Saturday, December 24, 2005

Siem Reap, Cambodia

Just a quick post on the town in a more traditional style.

Siem Reap is the tourist destination of choice in Cambodia. The reason being the temples of Angkor. It's slightly expensive by Cambodian standards and there is no BG as such. The locals prefer to cater to the tour groups and the well-heeled visitors that lodge at the palatial hotels of the town.

This makes Siem Reap a strange town for the backpacker. Bars have the gall to actually close and not a drug dealer to be seen. The restaurants tend to be expensive as they provide fine French fare or increase their prices on the basis that Angelina Jolie's pert bottom might have blessed the very same stool that you are perched on whilst she was filming the eminently forgettable Tomb Raider.

This forces the scruffy likes of me to go native as the only prayer of keeping to a budget. Therefore, in the most touristic place of Cambodia, you eat like the locals and with the locals. Oh the irony.

Today I actually saw a few of the town's other attractions. One of these is the Landmine museum run in the face of all odds by a guy named Aki Ra. He is an ex-deminer who started the place off a while ago until a local military figure decided to get in on the action and open a place of his own. They weren't too keen on free market rules so the authorities pestered Aki Ra with various annoyances from removing all signs to the place and once chucking him in jail. He still persisted and support from tourist gives him some protection.

Aside from the usual tour of markets I indulged in the other activity for trendy backpackers: I was vampirised. The childrens hospital here keeps open thanks to its director, Dr Beat Richner, who plays the cello to the wealthy crowd each saturday in exchange for daontions to the hospital. He has twigged that the guesthouse denizens cannot realy be a great source of income so he asks the braided crowd for a pint of blood instead.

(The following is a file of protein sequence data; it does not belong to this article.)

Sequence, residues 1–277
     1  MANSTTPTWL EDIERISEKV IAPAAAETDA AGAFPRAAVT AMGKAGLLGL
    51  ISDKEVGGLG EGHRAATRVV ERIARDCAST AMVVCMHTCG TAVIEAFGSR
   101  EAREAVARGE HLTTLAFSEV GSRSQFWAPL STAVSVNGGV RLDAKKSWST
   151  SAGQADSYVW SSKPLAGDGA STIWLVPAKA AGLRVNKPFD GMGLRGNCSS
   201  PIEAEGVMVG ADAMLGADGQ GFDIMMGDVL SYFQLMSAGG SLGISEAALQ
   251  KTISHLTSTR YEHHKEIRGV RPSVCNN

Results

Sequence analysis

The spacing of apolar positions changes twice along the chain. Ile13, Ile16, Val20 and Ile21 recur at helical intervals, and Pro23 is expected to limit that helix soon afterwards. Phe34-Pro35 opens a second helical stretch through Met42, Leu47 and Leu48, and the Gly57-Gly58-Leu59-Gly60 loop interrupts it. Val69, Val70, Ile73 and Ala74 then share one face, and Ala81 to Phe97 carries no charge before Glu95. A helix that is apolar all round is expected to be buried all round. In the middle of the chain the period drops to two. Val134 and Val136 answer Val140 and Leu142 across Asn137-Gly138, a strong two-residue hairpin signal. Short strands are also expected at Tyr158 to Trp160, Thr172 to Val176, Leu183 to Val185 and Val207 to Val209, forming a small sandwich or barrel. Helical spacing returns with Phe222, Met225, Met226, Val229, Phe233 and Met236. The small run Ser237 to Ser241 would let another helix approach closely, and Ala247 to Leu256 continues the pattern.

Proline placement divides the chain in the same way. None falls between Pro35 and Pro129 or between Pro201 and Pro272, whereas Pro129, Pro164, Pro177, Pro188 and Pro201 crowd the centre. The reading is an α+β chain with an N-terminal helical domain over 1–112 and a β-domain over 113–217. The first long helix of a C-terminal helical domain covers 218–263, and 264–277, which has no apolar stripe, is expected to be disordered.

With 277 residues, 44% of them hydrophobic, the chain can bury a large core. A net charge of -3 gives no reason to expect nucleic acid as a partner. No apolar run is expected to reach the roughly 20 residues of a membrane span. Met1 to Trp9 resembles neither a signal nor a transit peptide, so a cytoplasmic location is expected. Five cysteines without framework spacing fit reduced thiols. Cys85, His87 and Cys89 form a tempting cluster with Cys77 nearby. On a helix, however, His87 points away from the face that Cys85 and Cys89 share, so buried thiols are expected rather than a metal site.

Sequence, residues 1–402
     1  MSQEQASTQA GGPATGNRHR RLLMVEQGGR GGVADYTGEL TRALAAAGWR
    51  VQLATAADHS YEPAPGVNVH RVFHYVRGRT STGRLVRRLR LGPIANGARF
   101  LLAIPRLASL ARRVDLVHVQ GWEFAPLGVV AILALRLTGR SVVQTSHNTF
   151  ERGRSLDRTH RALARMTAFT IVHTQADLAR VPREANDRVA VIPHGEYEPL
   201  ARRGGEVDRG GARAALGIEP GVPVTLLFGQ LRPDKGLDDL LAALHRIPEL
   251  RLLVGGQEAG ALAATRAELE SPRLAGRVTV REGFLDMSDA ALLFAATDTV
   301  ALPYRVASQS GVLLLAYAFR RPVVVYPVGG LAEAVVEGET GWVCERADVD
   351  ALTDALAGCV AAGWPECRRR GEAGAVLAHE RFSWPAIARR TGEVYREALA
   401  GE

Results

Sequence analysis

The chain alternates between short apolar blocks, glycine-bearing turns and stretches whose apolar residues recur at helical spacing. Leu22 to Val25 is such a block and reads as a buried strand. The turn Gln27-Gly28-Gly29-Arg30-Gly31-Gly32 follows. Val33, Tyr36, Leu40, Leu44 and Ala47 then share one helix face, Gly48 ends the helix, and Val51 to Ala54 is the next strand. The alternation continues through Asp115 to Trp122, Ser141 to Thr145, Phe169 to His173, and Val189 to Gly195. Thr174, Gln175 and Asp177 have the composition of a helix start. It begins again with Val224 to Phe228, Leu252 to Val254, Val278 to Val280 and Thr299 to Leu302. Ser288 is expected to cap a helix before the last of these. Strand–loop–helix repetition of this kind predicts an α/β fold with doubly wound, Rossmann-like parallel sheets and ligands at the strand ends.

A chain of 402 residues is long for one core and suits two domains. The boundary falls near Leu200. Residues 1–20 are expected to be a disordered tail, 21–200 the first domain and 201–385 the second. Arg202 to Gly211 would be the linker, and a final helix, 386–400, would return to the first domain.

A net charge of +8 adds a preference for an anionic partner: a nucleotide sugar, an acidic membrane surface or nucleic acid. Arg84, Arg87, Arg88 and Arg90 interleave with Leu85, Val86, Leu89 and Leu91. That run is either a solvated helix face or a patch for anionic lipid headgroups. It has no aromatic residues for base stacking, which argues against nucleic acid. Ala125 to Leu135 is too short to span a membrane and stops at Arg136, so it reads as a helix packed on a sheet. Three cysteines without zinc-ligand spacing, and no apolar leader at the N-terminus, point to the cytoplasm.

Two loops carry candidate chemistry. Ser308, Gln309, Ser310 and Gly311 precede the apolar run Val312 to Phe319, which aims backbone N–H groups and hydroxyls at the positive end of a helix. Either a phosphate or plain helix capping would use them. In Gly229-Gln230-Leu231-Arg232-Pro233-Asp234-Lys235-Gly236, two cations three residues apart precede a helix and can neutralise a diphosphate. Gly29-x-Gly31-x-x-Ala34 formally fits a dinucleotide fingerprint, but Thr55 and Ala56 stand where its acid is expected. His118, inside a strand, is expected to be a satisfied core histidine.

They need the stuff as there is an epidemic of hemorrhagic dengue fever in the area. This fun disease tends to be particularly lethal to under 15's so the childrens hospital need blood to keep them alive. The local sprogs don't have the battery of anti mozzie kit the average backpacker has and often live next to stagnant water such as the paddy fields they cultivate to stay alive. Therefore I was bled of a pint of the red stuff after I had ascertained that they used disposable needles. Feeling woozy.

Some backpackers go on a jaunt to discover themselves and are amazed at what they find. I myself have discovered that I am a committed Christian thanks to devious Cambodians. A few of the wily locals have twigged that the modern Tourist is highly fearful of appearing insensitive to local customs. Therefore some of them mill about the statues of Buddha and light up a couple on incenese sticks for the passing tourist and encourage him to pray to the thing. They then put some money on the altar and encourage the newly blessed to do the same. Out of fear to offend the tourist often obliges.

I glimpsed this scene and the subsequent pocketing of the money by the helpful native and tried to think of a way out of it. I decided that two can play the religious tolerance game and made them understand that I was a Christian and felt no desire to pray to their heathen gods. Praise be to Jesus.

(For info, these chaps were not monks for whom the donations should be going to)

I also discovered that I should be careful for what I wished for. For reason of Xmas there is a slight drop of tourists in Siem Reap at the moment hence the high ratio of Tuk-Tuk driver per visitor. As a result there is an intimidating throng of them at the bus station. They surround the incoming bus, tap the windows and a baying mob of them crowd the door of your transport. I mentioned to fellow traveller that I wished someone in authority would tell them that there is such a thing as too keen.

My wish was realised when 2 members of the local constabulary showed up and tried to get the chappies to at least let us get off the bus. They did this by using whistles and the respect that their noble profession is due. When this failed they took canes and started to whip the legs of the touts with more vigour than I thought necessary. All visitors find pesky moto drivers to be tiresome but even I thought birchwhipping was tad harsh.

That's pretty much it for Siem Reap.

All the best,



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